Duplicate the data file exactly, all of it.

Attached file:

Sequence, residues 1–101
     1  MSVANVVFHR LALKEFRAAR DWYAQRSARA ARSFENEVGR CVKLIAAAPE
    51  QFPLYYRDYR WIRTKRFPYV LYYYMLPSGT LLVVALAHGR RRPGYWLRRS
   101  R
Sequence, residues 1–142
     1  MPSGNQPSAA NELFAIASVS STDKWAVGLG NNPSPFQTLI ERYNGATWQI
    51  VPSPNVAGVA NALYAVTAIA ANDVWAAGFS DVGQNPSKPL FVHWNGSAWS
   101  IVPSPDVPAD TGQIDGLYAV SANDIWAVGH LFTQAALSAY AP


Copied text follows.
Sequence, residues 1–101
     1  MSVANVVFHR LALKEFRAAR DWYAQRSARA ARSFENEVGR CVKLIAAAPE
    51  QFPLYYRDYR WIRTKRFPYV LYYYMLPSGT LLVVALAHGR RRPGYWLRRS
   101  R
Sequence, residues 1–142
     1  MPSGNQPSAA NELFAIASVS STDKWAVGLG NNPSPFQTLI ERYNGATWQI
    51  VPSPNVAGVA NALYAVTAIA ANDVWAAGFS DVGQNPSKPL FVHWNGSAWS
   101  IVPSPDVPAD TGQIDGLYAV SANDIWAVGH LFTQAALSAY AP